Micah Sheveloff and I have known each other for several years, as we have spoken at trade shows and discussed ideas about various projects from companies he has represented. One of these projects was THIEL's coming to market with an affordable loudspeaker that would be at home in not only the most elaborate listening environment, but also the more affordable home theater setting. Of course, while the idea was one that offered a great deal of excitement, it was not something that came to pass overnight.
After what seemed like an eternity, last spring Micah gave me the heads up that THIEL had indeed come to market with just such a speaker and I jumped at the chance to do a thorough review. On the outside, this might seem like a fairly easy undertaking. After all, over the years, the number of loudspeakers and equipment I have reviewed is fairly impressive. What made this review different is the sheer number of configurations and possibilities that the THIEL offering represented.
The second loudspeaker which made up this review system was
the SS1 SmartSub subwoofer. The SS1 is THIEL's "entry-level" subwoofer. It
features one 10" woofer powered by a 500 watt
The final component in the THIEL speaker system for this review was the PX05 Passive Crossover. This 5-channel crossover allows the consumer to connect the SmartSub and the speakers together regardless whether the preamplifier has crossover capabilities. It becomes even more important when you consider some of the configurations available when you utilize these speakers in a 5-channel or even 7-channel setup for either home theater, SACD or DVD-Audio playback.
The SS1 SmartSubs did not appear to suffer from any of the same placement issues. In addition, on the back of the subwoofer are controls to tailor the unit's output in order to negate any problems with wall or corner placement. The controls on the back also include adjustments for the volume level. While the SmartSub was used as part of the overall loudspeaker system, it certainly could be used by itself without even the slightest apprehension.
The final part making up this THIEL loudspeaker system, as mentioned earlier, was the PX05 passive crossover. This component made the entire review more exciting and slightly more difficult to setup, yet not overly so. The idea of the passive crossover in this type of system is to allow all the loudspeakers to function together in a synergistic way, which transcends most preamplifier's abilities to deal with issues such as bass management. When you utilize the PX05, you make this multi-loudspeaker setup into more like a single ‘large' loudspeaker. As such, you rely on the PX05 for presenting a smoother and more controlled load on your other electronics.
The PX05 is fairly straight forward to connect. The company recommends that you run loudspeaker wire from the amplifier to the speaker just as you would do in any setup. However, they also tell you to run a second wire from the amplifier to the PX05. In this way the PX05 is receiving the same signal that the speakers are and can then decide how to best utilize the subwoofer.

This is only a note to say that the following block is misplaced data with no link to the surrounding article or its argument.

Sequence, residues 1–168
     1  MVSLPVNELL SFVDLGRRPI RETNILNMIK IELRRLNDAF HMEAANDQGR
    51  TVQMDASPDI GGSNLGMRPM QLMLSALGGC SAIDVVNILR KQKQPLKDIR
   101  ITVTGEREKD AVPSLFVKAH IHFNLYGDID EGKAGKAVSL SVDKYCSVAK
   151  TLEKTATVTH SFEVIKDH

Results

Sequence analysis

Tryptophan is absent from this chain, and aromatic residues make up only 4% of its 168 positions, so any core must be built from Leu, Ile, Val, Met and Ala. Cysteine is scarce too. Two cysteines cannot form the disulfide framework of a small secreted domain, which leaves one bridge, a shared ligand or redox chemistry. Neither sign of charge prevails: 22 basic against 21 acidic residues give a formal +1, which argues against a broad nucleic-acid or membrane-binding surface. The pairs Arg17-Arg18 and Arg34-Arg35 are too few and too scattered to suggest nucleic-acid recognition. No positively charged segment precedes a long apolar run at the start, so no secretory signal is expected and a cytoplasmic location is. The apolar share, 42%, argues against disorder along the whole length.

Another thing that you need to be aware of is that the PX05 only has the ability to connect five loudspeakers to it. Therefore if you have a large loudspeaker configuration, you are going to either have to only connect five loudspeakers or you are going to require another PX05 and another SmartSub. In the case of this review the company provided two PX05s and two SS1s, so this was not a problem.
One interesting thing to note at this point is that the company says that you should use the least expensive loudspeaker wire to connect the PX05 to the amplifier. This seemed somewhat strange to me since I have always been a strong proponent of better quality interconnects and loudspeaker wires because I have always found that they offer increased performance. However, no matter how I tried, and I did, I couldn't really find much difference between the various types of connection wires run. Although, one thing that I would strongly recommend is using either spade connectors, or at least being extremely careful of using bare wire because it is very easy to have the connections to both terminals touch and thus short out.
The Setup Finally
The other connection that needs to be made is from the preamplifier to the SmartSub if you are using a preamplifier that either has a crossover included in it or a component that allows for a LFE (Low Effects Channel). This is done by connecting the output of the component into the rear of the subwoofer. If, as in the case of this review, you are utilizing more than one subwoofer, you will need to run a cable to connect the one SmartSub to another. Thus, allowing the signal to pass between the speakers. Once again the only thing you need to be aware of is that you have a sufficiently long cable.
Once you have everything all connected, and this might take slightly longer than what you might expect if you have worked with other systems, the next step is to let the loudspeakers break in. In the case of this review, I found that these THIEL loudspeakers really needed a fairly lengthy break in period for maximum performance. It took around 300 hours until everything really sounded consistent.
The selection that was jazz was Billy Taylor & Gerry Mulligan, Live at MCG on the MCG Jazz Record Label. This is album has a fairly nice selection of songs which tend to capture some of the best of the heart and soul of Jazz itself. While it's true the recording itself is certainly not of reference grade, nevertheless, the sound is extremely enjoyable, lifelike and entertaining. On "Stompin' At The Savoy", the first track on this album, the sound were extremely detailed. There appeared a complex tapestry of rhythms and musical notes that blended well to create the feeling of being front and center in a very lively hall. The complexities of the music itself did not seem to be degraded anywhere in the evaluation. Although there were times when one might have wished there was perhaps a tad more full range, it certainly was overshadowed by the realism.
Another thing that caught my attention while listening to this recording was the fact that there was no loss of bass, even at the lower frequency levels. I would have thought that because of the limits of the speakers themselves it would be fairly easy to determine where the speakers stopped and the subwoofers picked up, but this was not the case. It seemed as though the subwoofers were doing nothing and the speakers everything.
In order to determine if this was indeed a fact, I played the CD a second time, only this time I turned off the two SS1 SmartSubs. While I will say that the loudspeakers still did an admirable job of reproducing the material, there was certainly a great deal of information missing. The depth of the instruments seemed to be diminished plus the quality of the reproduction, while not compromised, certainly degraded to some degree without the lowermost frequency support.